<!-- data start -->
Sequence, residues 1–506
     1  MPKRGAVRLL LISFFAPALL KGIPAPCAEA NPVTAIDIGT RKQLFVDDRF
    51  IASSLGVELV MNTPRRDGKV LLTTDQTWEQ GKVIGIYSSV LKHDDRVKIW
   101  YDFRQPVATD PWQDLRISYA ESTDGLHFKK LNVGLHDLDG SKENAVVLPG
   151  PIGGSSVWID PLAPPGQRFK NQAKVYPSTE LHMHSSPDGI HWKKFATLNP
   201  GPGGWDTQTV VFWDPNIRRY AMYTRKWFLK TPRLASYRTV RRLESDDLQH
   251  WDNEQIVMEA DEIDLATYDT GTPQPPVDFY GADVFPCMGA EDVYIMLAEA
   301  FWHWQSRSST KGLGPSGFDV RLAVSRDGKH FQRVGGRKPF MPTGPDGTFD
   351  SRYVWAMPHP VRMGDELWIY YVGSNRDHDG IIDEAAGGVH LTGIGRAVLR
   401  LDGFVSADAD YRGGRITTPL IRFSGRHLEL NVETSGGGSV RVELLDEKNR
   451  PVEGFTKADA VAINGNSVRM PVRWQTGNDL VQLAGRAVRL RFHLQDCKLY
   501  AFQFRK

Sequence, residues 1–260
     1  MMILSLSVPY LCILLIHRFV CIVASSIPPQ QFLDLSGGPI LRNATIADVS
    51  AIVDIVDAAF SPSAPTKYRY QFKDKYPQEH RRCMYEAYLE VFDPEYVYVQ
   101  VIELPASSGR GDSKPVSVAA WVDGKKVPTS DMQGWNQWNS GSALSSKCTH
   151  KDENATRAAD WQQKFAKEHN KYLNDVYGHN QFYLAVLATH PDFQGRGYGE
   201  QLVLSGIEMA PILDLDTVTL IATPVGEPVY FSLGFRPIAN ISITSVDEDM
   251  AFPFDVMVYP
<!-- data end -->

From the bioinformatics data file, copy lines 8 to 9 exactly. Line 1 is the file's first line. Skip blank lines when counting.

   301  FWHWQSRSST KGLGPSGFDV RLAVSRDGKH FQRVGGRKPF MPTGPDGTFD
   351  SRYVWAMPHP VRMGDELWIY YVGSNRDHDG IIDEAAGGVH LTGIGRAVLR